I’m not actually going to write about penguins, but the title gives you insight into what has been going through my head as I have been trying to come up with a blog post today. My struggle even devolved into my husband and I talking to Siri, watching weird videos on Facebook, and otherwise avoiding writing. Then David had a brilliant idea:
by David Hoenisch
AKA: My husband & best friend
this is a story about a story with no title. this story started as a story with no title, and lived his whole life with no title. when he graduated from the school of title-less stories, this story still had no title. then one day. it died.
Unfortunately, that didn’t really get me very far in the process of finding a topic to discuss. I think the problem is that what people most need to hear is the raw reality of life with PTSD and it’s hard to be vulnerable like that. It’s honestly rather difficult to have a website, an Instagram account, a Facebook page, a (mostly) daily blog, and a mindset which pursues publication. I like to lead a quiet, behind the scenes kind of life, but God allowed some rather difficult things in my life and my husband’s life for a reason. I firmly believe that we are called to share our story and let others into our lives not because we want pity or even sympathy but because in our young lives we have endured what many of our much older friends only understand in theory. That’s not a dis on them. I’m glad this isn’t the norm, but I am also honestly grateful for what we have gone through because it paves the way for us to better shine God’s glory because we simply cannot do this on our own.
We are weak, broken vessels. In a sermon David preached earlier this school year, he talked about the treasure we hold in earthen vessels (See 2 Corinthians 4). The Gospel. The completed work of Jesus Christ on the cross. Earthen vessels fits so well. We crack and crumble so easily. But God. I love those words; they are kind of the theme of my life. I was lost, but God found me. I was broken, but God healed me. The list is endless of the contrasts between my state on my own and what happened as a result of God’s intervention. Sometimes that intervention hurts, but it always, always, always brings God glory. Always. Without fail. A jar made of clay can hide what’s within it. When it is cracked and broken, though, the light within shines out. God is my light and in the absolute, utter brokenness He has allowed, His light shines through so much more clearly.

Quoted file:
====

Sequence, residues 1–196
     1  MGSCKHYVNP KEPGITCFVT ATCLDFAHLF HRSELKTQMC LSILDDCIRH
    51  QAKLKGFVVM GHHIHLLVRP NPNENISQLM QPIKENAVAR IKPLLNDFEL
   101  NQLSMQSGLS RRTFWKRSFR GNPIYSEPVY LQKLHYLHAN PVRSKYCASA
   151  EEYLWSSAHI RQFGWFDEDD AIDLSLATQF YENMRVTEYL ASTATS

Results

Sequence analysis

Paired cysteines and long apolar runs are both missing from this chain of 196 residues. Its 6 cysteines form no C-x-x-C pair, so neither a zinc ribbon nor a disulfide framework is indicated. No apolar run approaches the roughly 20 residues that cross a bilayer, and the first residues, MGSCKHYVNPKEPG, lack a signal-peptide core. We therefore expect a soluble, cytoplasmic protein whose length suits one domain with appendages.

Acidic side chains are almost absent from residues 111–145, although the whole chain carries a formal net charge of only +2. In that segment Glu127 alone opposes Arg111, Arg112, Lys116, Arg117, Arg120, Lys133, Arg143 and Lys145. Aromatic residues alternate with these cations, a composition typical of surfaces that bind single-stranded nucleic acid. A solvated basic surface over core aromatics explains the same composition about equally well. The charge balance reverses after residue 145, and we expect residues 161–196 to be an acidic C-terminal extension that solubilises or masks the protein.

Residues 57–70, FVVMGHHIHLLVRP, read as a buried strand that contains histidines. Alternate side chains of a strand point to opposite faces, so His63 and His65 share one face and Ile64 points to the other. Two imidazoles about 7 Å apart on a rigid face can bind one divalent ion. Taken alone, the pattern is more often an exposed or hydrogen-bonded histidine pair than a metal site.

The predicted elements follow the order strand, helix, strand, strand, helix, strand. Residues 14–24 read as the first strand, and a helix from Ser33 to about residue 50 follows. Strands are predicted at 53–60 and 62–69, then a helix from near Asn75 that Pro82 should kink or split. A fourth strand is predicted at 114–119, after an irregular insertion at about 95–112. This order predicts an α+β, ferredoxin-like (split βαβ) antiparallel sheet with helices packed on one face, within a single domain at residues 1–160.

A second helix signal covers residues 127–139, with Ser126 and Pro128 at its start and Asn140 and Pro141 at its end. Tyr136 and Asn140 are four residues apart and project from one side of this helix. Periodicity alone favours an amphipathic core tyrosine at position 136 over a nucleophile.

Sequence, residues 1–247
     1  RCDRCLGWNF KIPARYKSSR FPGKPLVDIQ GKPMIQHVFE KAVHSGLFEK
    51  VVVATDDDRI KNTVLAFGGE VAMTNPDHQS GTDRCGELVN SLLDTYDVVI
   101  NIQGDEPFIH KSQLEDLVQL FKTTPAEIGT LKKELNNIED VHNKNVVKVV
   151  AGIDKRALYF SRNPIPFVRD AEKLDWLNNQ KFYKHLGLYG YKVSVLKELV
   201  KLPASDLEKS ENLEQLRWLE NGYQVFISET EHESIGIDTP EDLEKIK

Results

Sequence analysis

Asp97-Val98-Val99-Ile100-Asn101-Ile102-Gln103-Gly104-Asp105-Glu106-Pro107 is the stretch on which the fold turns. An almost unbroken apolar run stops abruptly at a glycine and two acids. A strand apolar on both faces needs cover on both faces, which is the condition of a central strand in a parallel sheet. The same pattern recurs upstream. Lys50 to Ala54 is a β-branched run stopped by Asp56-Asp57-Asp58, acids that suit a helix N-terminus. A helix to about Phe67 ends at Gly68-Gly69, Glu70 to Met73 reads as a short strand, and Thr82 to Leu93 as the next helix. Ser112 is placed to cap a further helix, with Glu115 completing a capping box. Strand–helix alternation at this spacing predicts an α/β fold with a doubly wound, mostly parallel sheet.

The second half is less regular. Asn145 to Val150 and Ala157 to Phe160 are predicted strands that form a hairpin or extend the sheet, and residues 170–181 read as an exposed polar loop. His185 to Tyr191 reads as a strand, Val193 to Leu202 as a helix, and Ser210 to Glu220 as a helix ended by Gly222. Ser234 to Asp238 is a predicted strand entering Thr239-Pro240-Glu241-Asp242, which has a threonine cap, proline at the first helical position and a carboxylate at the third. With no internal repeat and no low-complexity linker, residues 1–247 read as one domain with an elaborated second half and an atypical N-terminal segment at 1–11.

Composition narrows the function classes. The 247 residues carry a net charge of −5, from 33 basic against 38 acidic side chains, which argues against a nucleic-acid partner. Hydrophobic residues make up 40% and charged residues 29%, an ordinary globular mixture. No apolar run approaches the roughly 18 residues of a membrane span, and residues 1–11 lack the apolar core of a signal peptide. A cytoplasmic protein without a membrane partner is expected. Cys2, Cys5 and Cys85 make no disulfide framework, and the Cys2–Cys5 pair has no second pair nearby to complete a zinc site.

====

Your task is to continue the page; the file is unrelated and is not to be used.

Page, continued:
When the dreams and the flashbacks overwhelm me, when the grief comes like a tidal wave, when the physical ailments threaten to knock me out, I have but one thing to claim. The power of Christ in me. Oh how often I have wished to be healed, to not have to fight such battles in my head, to rewind the clock and somehow fix it so the losses would not happen. Just this morning, I fell apart because I just wanted comfort food but my food allergies make such things difficult to find. I read a Facebook post this afternoon that made me sick to my stomach as it brought a fresh round of grief to my heart. This isn’t a once in a while battle, friends; daily, I struggle. Daily I fight.
The great comfort of my life rests not in my own abilities. I have none. I find the joy and comfort and rest and peace I need to keep pressing forward in the sovereignty of my great God. Holy. Holy. Holy. That is my God. He is vast, far beyond my imagination, far beyond anything I can control or measure. He is the Creator, the Sustainer, all-powerful, all-knowing, infinitely holy God of the universe. And He has not left me abandoned. When I reach the lowest, most painful points, the remembrance of who God is sustains me. It is in those moments where I am completely empty that real worship takes place, where I most lean into my God and let Him take care of the mess around me.
Friends. Please understand that when I speak of worship, I speak not of a serene smile and outstretched arms singing praise songs in a church. That can be worship, but I see too much of that displayed as the “right” way to worship. But in the moments where a mom loses her first child, or a man loses his parents, or a girl becomes too ill to move, or the worst diagnosis you can imagine comes, that kind of worship is practically impossible. A heart crying out in the midst of hard reality that, “God, I know you are good. I don’t understand what you are doing, but you are good,” is worshiping just as much if not more than the serene worshiper in a weekly church service. Worship is full out, willing reliance on and praise of God no matter the circumstances.
If you’re waiting for a church service to worship God, then you, my friend, have missed the point. Long before church existed, men and women worshiped God. In the wilderness, all alone, unsure of the next step. In groups. In psalms. In prayer. You do not need a church building, a guitar player, a worship leader, or a pastor to worship. You just need an awe and reverence of God that acknowledges He is God and you are not.
And sometimes, worshiping God is just being in awe of His creative work. Have you seen a penguin? They’re like this totally awesome example of our Creator’s handiwork. But you know what? As cool as a penguin is, it has nothing on you, for you are God’s handiwork, made in His image for the sole purpose of reflecting His glory to those around you. What are you going to do with that?